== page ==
English Grads Look to Pay It Forward by Establishing a Scholarship

Chris Birotte and his girlfriend, Larissa Azevedo.

Chris Birotte and his girlfriend, Larissa Azevedo.

By Joyce Erekson

Candidates for the oval office may be out there promising to find a way to help lessen the financial burden facing college students these days but two 2012 English High graduates are actually doing something about it.

Chris Birotte and his girlfriend, Larissa Azevedo, are trying to raise money for a scholarship that will be awarded this spring to a member of the English High Class of 2016 and they’re doing it in a somewhat unique way. They’re distributing mason jars to friends, family and anyone willing to take one with the goal of collecting as much spare change as possible to put toward the scholarship. Each jar bears a quote by Mahatma Gandhi – “Be the change you wish to see in the world.”

Both Birotte and Azevedo went on to college after graduating from English High – Birotte to Franklin Pierce University in New Hampshire and Azevedo to Bunker Hill Community College. Both will graduate this spring. It was Birotte’s struggle to pay for school after his sophomore year that inspired the scholarship.

The combination of medical problems within his family and not receiving a scholarship he expected to receive put Birotte, who is responsible for his own expenses including his education, in a financial hole heading into his junior year. He reluctantly set up a Go Fund Me page with Azevedo’s help and within a couple of weeks, he had received more than $8,000 in donations from family, friends and total strangers, enabling him to return to school.

“I saw an outrageous amount of support,” Birotte said. “Since that whole thing happened, its’ been one of my main projects to try and give back. We’ve been wanting to do this for a while.”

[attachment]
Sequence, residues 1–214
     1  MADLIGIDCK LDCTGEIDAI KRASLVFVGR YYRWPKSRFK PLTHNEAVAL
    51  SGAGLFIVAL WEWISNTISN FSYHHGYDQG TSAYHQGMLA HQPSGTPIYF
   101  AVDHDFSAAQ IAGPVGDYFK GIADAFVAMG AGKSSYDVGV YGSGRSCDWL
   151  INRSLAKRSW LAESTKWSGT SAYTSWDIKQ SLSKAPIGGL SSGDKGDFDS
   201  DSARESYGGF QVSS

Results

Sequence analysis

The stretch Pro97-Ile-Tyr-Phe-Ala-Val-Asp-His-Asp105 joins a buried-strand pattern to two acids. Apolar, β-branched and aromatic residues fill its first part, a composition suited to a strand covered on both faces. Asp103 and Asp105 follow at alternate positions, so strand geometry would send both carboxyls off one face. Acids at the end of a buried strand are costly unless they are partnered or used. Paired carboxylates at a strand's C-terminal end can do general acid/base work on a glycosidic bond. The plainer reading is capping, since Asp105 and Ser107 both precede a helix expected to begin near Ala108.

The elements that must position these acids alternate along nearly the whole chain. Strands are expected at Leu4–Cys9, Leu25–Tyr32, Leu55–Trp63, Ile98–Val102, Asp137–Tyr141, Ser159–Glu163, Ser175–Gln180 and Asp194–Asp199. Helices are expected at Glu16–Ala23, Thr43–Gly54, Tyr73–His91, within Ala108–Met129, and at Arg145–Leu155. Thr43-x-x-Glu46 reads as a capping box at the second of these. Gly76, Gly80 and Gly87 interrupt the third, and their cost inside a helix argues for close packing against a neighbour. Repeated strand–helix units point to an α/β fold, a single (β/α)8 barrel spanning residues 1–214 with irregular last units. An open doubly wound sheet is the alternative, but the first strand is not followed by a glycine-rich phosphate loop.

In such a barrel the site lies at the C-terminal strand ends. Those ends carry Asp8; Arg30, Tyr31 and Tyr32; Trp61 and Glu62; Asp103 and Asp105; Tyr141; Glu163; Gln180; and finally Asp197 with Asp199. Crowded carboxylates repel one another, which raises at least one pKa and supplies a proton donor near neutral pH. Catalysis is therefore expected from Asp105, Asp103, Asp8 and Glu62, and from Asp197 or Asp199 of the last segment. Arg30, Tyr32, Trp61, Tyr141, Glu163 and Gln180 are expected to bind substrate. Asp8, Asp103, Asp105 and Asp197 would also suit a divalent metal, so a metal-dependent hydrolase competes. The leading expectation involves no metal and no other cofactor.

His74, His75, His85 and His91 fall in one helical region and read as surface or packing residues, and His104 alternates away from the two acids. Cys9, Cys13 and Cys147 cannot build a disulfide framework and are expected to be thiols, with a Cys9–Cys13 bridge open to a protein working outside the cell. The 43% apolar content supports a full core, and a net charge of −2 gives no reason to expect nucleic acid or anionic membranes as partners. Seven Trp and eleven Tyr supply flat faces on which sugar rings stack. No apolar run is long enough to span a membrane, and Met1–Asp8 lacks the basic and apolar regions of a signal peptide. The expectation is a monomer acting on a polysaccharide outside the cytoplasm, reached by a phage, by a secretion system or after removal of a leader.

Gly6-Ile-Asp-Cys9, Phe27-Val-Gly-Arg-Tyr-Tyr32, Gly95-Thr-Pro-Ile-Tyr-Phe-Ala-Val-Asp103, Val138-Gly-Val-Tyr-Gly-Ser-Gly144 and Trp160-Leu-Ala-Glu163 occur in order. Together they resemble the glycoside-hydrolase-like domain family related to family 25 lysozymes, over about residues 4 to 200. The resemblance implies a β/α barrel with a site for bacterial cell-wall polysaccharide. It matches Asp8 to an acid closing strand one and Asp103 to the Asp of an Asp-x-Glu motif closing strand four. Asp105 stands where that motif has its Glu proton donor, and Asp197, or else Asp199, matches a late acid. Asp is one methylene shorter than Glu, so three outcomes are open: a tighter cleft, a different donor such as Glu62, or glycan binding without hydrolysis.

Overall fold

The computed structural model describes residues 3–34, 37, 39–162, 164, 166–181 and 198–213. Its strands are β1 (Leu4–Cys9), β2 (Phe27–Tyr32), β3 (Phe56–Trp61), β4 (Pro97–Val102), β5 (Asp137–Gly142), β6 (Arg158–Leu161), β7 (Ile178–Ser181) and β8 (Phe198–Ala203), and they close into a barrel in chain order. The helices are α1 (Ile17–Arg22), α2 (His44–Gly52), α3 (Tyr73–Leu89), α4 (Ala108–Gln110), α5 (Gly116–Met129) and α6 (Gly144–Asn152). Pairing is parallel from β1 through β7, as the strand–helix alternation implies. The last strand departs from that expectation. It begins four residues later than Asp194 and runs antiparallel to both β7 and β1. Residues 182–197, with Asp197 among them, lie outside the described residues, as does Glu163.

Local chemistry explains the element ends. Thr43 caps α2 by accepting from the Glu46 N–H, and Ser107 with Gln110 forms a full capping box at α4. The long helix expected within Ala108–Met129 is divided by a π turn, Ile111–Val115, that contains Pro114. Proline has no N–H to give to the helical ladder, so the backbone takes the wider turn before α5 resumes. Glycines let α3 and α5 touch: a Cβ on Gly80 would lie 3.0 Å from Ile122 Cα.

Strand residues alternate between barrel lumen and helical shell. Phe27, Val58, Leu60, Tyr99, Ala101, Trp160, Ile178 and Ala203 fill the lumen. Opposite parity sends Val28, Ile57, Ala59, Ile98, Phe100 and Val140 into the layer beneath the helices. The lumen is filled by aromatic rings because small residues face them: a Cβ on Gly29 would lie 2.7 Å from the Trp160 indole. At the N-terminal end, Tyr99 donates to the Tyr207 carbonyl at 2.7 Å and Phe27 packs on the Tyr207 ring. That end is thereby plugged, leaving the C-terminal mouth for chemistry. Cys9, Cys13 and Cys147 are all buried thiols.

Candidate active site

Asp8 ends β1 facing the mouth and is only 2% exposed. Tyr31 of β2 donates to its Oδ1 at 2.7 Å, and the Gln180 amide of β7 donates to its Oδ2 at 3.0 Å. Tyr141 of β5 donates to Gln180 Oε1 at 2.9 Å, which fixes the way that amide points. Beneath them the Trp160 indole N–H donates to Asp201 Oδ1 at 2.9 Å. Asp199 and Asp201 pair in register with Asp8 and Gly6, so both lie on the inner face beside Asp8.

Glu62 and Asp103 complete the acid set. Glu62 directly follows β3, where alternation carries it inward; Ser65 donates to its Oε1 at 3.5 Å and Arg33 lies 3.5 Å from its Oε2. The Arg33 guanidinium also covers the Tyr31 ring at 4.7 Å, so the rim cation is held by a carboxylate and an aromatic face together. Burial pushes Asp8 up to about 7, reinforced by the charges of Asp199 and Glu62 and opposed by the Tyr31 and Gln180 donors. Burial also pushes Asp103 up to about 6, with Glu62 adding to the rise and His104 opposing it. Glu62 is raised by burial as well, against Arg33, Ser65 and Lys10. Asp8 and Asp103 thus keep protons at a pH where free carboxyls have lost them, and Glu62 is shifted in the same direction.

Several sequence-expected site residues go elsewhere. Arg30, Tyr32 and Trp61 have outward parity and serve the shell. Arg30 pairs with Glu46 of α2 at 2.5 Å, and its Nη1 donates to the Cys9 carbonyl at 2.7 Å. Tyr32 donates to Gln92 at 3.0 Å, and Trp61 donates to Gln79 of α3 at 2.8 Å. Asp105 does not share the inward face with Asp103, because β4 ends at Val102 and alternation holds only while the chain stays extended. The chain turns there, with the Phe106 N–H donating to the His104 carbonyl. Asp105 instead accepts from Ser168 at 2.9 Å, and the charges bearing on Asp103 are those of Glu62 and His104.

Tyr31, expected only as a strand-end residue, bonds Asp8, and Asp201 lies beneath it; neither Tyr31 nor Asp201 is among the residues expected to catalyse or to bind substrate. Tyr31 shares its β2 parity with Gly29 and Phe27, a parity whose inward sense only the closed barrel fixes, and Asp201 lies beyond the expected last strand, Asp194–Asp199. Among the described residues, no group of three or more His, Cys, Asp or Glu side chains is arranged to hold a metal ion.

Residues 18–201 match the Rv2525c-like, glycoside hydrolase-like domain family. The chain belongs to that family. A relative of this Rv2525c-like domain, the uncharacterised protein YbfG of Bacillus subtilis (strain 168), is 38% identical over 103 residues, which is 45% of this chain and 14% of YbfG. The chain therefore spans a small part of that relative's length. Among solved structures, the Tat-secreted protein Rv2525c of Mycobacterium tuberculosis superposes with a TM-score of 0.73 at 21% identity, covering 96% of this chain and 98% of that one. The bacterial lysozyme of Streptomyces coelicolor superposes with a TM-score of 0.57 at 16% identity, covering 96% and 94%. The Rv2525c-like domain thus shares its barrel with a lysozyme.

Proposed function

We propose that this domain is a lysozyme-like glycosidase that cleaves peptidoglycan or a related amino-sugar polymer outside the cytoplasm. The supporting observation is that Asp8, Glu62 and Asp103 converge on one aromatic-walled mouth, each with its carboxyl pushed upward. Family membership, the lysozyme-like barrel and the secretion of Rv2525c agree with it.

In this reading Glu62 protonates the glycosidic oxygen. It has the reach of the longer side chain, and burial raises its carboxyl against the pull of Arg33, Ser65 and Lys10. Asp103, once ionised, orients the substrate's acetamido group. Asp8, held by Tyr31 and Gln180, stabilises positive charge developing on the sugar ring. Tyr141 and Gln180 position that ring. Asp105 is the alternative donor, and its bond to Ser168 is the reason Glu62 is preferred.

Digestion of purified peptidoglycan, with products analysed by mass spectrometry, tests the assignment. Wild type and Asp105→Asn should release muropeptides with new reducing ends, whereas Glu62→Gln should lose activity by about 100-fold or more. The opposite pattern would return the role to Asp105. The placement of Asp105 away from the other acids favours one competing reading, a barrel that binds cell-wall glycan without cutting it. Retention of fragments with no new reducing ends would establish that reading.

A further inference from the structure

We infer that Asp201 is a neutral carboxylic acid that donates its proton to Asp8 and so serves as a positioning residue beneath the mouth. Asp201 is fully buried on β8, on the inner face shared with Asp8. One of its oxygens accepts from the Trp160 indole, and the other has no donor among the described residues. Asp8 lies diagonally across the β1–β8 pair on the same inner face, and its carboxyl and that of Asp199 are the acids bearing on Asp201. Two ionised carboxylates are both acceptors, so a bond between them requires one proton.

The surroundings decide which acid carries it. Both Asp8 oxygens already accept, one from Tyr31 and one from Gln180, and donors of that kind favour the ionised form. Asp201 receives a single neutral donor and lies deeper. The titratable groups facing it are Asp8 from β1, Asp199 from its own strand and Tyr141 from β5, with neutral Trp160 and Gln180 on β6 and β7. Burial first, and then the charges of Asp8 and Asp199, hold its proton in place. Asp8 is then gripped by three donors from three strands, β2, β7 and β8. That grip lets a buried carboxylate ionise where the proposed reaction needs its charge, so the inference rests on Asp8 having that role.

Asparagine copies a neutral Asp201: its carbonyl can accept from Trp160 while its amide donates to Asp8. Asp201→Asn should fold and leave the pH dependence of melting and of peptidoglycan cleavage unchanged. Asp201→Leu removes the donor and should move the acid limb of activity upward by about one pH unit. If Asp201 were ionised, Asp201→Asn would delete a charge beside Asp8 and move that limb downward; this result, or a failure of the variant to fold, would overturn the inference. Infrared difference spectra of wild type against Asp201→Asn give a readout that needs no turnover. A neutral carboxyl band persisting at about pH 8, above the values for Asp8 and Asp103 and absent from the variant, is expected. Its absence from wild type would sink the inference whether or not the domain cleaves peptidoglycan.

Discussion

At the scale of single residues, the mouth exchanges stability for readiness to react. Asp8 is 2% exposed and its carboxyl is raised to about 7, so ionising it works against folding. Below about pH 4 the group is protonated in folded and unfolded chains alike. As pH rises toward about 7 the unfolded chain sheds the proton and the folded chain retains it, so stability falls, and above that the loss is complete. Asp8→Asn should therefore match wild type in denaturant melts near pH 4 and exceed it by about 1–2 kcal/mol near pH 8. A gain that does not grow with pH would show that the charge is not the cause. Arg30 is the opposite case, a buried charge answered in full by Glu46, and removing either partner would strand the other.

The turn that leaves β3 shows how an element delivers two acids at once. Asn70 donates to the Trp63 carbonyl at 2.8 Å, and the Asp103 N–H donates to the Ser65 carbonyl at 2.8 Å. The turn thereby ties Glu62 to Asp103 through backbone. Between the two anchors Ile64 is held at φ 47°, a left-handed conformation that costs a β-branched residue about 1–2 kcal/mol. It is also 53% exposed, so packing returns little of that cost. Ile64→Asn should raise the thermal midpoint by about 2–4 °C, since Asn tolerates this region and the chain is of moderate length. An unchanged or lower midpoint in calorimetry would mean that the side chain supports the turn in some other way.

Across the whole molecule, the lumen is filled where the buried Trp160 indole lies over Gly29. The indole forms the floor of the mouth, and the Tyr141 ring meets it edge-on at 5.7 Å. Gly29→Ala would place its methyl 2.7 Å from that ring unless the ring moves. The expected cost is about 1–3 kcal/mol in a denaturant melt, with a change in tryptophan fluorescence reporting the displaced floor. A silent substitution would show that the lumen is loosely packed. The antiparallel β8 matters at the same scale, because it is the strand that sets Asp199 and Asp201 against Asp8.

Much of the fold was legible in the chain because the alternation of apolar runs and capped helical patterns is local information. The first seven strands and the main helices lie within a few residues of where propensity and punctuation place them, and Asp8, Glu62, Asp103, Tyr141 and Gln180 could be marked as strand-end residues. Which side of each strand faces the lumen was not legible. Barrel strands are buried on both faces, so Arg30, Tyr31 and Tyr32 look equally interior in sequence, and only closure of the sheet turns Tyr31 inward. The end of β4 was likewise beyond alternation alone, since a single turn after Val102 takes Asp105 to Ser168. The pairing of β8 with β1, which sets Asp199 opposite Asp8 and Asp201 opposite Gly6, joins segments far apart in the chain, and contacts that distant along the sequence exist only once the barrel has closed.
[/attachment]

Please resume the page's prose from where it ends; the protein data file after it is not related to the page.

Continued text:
Azevedo, who is majoring in paralegal studies at Bunker Hill, plans to continue her education at Suffolk University. She said her family has been very supportive of her education and it was her mother, Rose Azevedo, who came up with the mason jar idea. Long-time family friend Diane Braga has also been a key in getting things going by donating materials to decorate the jars and helping with the project.

“We just want to be able to make a difference. It feels a lot better when you can do something for someone else. We’ve been so blessed. We’ve gotten so much help from people around us. We feel like we owe it to give back,” Azevedo said.

In collecting change, Azevedo said the idea is that a person doesn’t have to give much, but if a lot of people give a little it will add up. That’s what happened with the Go Fund Me Page.

“Even if you think your contribution isn’t substantial enough, it can make a difference in the long run. Imagine what we could have if everyone donated a little,” she said. “Once I thought about it (the Go Fund Me page) it wasn’t one person donating a lot of money that made it. It was a bunch of people giving a little.”

The efforts have already raised over $300 and the jars are still out. Azevedo said she started getting the jars out around Thanksgiving and they continued when Birotte came home for Christmas break. They’re hoping to get as many out as possible.

“Even if we just get enough money to pay off one kid’s books it would be a help,” she said, adding that they hope to offer a scholarship in subsequent years as well.

Birotte, who ran track and cross country at English and continued at the college level, is a health sciences majors. He hopes to become a physical therapist. He said when they decided to launch the scholarship drive they checked with English High guidance counselor Matthew Wilkins.

Wilkins said Birotte was an incredible young man who succeeded academically and athletically at English. He said when Birotte ran into financial difficulty paying for college, it was no surprise that so many family, friends and members of the community rallied to support him.

“It’s amazing, even now, while still finishing college that he’s leading an effort to raise money to support other students with their higher education costs,” Wilkins said.

Anyone who would like to help out by throwing their spare change into a mason jar for the cause can reach either Birotte or Azevedo through their Facebook page (they check it constantly throughout the day) at Be the Change Scholarship (http://www.facebook.com/BeTheChangeScholarship). Azevedo can also be reached by email at [email protected]. The couple is also planning some other fundraisers to help fund the scholarship.

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